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Pronounced: GEE-oh-dahn
Generic name: Ziprasidone hydrochloride

Why is this drug prescribed: Geodon is used in the treatment of the crippling mental disorder known as schizophrenia. Researchers believe that it works by opposing the action of serotonin and dopamine, two of the brain's major chemical messengers. Because of its potentially serious side effects, Geodon is typically prescribed only after other medications have proved inadequate. Geodon is usually taken in capsule form. An injectable version is available for quick relief of agitated patients. Injectable Geodon is generally used for no more than a few days.

Most important fact about this drug: In some people with heart problems or a slow heartbeat, Geodon can cause serious and potentially fatal heartbeat irregularities. The chance of a problem is greater if you are taking a water pill (diuretic) or a medication that prolongs a part of the heartbeat known as the QT interval. Many of the drugs prescribed for heartbeat irregularities prolong the QT interval and should never be combined with Geodon. Other drugs to avoid when taking Geodon include Anzemet, Avelox, Halfan, Inapsine, Lariam, Mellaril, Nebupent, Orap, Orlaam, Pentam, Probucol, Prograf, Serentil, Tequin, Thorazine, Trisenox, and Zagam. If you're uncertain about the risks of any drug you're taking, be sure to check with your doctor before combining it with Geodon.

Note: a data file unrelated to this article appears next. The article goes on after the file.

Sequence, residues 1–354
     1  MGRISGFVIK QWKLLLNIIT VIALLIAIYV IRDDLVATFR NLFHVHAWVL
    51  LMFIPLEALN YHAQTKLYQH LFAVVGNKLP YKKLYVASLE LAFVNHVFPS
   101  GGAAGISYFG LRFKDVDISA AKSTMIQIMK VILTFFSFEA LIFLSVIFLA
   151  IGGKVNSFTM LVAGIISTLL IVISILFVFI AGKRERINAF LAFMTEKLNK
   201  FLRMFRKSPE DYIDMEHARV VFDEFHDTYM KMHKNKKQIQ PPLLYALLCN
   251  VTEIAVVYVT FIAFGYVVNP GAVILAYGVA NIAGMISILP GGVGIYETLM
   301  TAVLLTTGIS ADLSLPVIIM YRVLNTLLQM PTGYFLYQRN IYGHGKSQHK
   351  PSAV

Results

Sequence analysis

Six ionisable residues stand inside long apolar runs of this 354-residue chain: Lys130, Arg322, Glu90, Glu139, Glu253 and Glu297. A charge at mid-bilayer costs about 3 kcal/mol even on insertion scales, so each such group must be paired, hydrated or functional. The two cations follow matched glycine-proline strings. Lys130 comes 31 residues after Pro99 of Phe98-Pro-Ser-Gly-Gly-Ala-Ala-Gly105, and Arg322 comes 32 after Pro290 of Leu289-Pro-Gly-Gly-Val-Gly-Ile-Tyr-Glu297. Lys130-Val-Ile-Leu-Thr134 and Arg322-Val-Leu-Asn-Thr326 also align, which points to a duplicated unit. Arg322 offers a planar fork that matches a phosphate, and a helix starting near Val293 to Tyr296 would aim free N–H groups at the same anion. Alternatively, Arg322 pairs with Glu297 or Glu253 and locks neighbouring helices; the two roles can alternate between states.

How should you take this medication: Geodon capsules should be taken twice a day with food. --If you miss a dose... Take it as soon as you remember. If it is almost time for your next dose, skip the one you missed and go back to your regular schedule. Do not take 2 doses at once. --Storage instructions... Store at room temperature.